The California Supreme Court has held that causes of action under two of the state’s most prominent consumer protection statutes—the unfair competition law (“UCL”) and the false advertising law (“FAL”)—are to be tried by the court rather than a jury. In doing so, the court affirmed decades of California Court of Appeal precedent and overturned a lower court’s ruling that a jury trial is required when civil penalties are sought in state court.

In Nationwide Biweekly Administration Inc. v. Superior Court, the district attorneys of four counties filed a complaint alleging that mortgage servicer Nationwide Biweekly, its subsidiary and its owner (collectively, “Nationwide”) had violated the UCL and FAL through false and misleading advertising practices and operating without a license, among other allegations. The government sought an injunction, restitution of all money wrongfully acquired by Nationwide from California consumers and civil penalties of up to $2,500 for each violation found.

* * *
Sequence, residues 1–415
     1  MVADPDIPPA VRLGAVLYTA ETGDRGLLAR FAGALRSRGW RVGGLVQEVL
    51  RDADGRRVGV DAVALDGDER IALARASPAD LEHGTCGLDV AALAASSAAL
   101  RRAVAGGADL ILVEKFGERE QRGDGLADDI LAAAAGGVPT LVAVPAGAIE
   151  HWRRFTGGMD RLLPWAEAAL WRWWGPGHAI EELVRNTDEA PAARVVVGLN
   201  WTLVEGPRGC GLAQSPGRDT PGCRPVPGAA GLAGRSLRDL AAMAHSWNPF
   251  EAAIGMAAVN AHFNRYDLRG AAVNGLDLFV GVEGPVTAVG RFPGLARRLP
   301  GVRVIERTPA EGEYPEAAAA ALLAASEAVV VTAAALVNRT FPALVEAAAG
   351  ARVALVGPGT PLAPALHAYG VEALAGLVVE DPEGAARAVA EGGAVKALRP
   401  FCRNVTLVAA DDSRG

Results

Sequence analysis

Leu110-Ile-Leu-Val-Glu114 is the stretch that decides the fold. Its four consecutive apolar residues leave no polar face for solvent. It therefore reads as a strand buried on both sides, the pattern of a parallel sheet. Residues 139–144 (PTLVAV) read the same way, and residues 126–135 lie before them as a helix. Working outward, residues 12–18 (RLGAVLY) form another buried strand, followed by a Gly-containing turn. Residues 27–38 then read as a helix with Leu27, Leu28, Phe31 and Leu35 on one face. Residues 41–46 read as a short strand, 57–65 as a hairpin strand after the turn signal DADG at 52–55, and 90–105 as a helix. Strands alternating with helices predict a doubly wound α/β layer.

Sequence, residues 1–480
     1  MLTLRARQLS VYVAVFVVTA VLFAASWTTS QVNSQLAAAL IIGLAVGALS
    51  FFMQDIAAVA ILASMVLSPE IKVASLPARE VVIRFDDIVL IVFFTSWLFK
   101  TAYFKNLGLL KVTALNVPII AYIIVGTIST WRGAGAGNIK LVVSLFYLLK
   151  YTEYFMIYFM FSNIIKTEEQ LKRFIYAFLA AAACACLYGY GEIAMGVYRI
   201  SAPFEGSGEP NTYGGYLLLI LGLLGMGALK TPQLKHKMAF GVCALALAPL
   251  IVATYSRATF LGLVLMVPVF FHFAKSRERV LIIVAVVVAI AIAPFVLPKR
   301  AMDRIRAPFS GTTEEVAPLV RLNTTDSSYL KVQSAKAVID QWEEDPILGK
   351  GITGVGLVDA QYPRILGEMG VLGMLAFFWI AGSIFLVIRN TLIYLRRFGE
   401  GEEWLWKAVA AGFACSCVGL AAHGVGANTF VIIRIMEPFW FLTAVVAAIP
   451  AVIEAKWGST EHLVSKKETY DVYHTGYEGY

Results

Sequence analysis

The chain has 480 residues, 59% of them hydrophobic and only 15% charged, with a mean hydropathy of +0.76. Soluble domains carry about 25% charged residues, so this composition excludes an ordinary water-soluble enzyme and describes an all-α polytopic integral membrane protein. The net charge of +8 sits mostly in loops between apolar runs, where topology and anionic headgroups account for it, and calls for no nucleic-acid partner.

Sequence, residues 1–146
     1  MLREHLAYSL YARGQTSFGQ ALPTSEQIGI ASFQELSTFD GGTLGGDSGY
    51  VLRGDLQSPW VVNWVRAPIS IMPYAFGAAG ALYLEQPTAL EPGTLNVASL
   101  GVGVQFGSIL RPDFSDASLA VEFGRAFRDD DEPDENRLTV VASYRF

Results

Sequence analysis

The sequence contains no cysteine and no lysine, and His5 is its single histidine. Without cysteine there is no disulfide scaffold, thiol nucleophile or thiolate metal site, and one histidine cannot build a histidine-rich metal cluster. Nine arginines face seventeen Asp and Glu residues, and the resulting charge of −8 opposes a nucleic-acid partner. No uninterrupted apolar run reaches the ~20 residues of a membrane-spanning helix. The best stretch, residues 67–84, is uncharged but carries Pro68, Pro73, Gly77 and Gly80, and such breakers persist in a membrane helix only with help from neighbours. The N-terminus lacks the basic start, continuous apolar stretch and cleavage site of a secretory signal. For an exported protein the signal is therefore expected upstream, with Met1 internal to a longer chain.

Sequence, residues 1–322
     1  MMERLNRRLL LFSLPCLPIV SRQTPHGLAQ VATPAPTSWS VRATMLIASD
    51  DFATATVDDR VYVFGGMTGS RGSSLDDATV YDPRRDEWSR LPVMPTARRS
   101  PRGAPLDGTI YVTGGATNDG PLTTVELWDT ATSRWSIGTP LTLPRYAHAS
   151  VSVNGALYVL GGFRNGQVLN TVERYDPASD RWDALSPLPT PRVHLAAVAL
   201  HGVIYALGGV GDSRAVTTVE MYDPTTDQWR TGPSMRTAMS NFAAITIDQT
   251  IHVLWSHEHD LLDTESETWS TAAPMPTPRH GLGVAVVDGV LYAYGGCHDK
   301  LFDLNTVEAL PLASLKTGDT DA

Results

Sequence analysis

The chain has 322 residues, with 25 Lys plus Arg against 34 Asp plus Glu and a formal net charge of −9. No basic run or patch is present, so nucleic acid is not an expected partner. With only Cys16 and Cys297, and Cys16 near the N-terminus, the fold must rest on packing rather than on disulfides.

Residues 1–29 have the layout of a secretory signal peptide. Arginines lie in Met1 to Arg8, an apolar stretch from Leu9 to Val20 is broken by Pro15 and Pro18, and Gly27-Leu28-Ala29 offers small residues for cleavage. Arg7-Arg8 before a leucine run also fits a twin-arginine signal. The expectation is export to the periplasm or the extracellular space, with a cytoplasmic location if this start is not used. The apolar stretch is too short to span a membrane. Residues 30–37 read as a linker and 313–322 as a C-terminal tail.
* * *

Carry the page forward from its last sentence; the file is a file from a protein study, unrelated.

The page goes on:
Continue Reading California High Court Holds No Right to Jury Trial for False Advertising and Unfair Competition Claims in State Court

The advertised-discount provision of California’s False Advertising Law, California Business and Professions Code § 17501, lives to fight another day. A coalition of national department stores, having found themselves brought together by the regulatory lasso of the Los Angeles City Attorney, recently took a big swing at the validity of that statute by objecting to its constitutionality on vagueness and free-speech grounds. The stores’ argument connected with the district court, but was ultimately thrown out by the California Court of Appeals.

The statute at issue is undoubtedly wonky: